"Questions have arisen about what actions might be taken by the federal government to respond to the possible impacts of Hurricane Sandy on the November 6 election in affected states. Since 1860, several federal primary elections or local elections have been postponed following catastrophic events, and on at least three occasions in the last 20 years, the federal government has provided funding or assistance to state or local governments engaged in conducting such elections. Those were primary elections affected by Hurricane Andrew in Florida (1992), the terrorist attacks in New York (2001), and Hurricane Katrina in Louisiana (2005). Although none of the events affected general elections, they may be instructive with respect to response to problems created by Hurricane Sandy. According to the Federal Emergency Management Agency (FEMA), 16 states plus the District of Columbia received impacts from Hurricane Sandy. In several cases, election-related activities have been or are likely to be affected. Impacts and responses include (1) suspension, and subsequent extension, of early voting hours, (2) loss of regular polling places from damage, destruction, or power outages, (3) extension of voter registration deadlines, (4) extension of deadlines for accepting absentee ballots, (5) expanded use of provisional ballots and ballots submitted by e-mail and fax, and (6) use of alternative polling places, including U.S. military resources."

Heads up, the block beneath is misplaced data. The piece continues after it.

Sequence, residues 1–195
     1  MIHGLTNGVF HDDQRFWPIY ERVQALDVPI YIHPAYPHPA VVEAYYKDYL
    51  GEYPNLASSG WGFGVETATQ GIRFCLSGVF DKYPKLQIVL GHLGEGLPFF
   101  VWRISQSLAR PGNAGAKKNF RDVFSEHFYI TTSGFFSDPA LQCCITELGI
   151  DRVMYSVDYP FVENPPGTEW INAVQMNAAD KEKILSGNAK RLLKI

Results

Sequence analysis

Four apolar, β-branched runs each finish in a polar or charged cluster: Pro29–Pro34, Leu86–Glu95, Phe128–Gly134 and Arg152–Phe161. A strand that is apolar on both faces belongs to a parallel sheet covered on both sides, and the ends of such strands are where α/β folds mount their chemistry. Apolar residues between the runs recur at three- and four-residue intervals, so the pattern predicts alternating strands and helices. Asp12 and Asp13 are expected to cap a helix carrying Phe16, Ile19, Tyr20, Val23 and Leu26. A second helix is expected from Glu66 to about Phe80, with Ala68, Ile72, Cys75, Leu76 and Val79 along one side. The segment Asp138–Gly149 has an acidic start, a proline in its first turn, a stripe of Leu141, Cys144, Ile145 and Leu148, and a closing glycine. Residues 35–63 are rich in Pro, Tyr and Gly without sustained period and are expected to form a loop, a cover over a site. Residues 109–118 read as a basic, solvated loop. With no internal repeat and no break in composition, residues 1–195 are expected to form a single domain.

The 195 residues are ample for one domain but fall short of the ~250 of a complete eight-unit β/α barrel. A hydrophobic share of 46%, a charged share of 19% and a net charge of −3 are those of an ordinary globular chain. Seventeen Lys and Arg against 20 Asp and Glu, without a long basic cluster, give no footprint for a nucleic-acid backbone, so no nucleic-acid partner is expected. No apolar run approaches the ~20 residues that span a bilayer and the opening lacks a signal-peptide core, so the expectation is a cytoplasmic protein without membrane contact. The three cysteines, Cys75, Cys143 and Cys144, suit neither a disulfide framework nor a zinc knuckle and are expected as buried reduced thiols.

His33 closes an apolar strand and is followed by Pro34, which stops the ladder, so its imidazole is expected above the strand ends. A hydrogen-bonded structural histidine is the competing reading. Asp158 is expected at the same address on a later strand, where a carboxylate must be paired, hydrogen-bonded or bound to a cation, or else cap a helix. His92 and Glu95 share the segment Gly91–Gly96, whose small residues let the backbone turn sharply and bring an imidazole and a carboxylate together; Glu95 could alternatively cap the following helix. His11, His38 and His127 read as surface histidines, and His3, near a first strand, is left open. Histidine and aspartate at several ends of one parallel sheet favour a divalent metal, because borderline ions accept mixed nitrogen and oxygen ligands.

CRS Report for Congress, R42808
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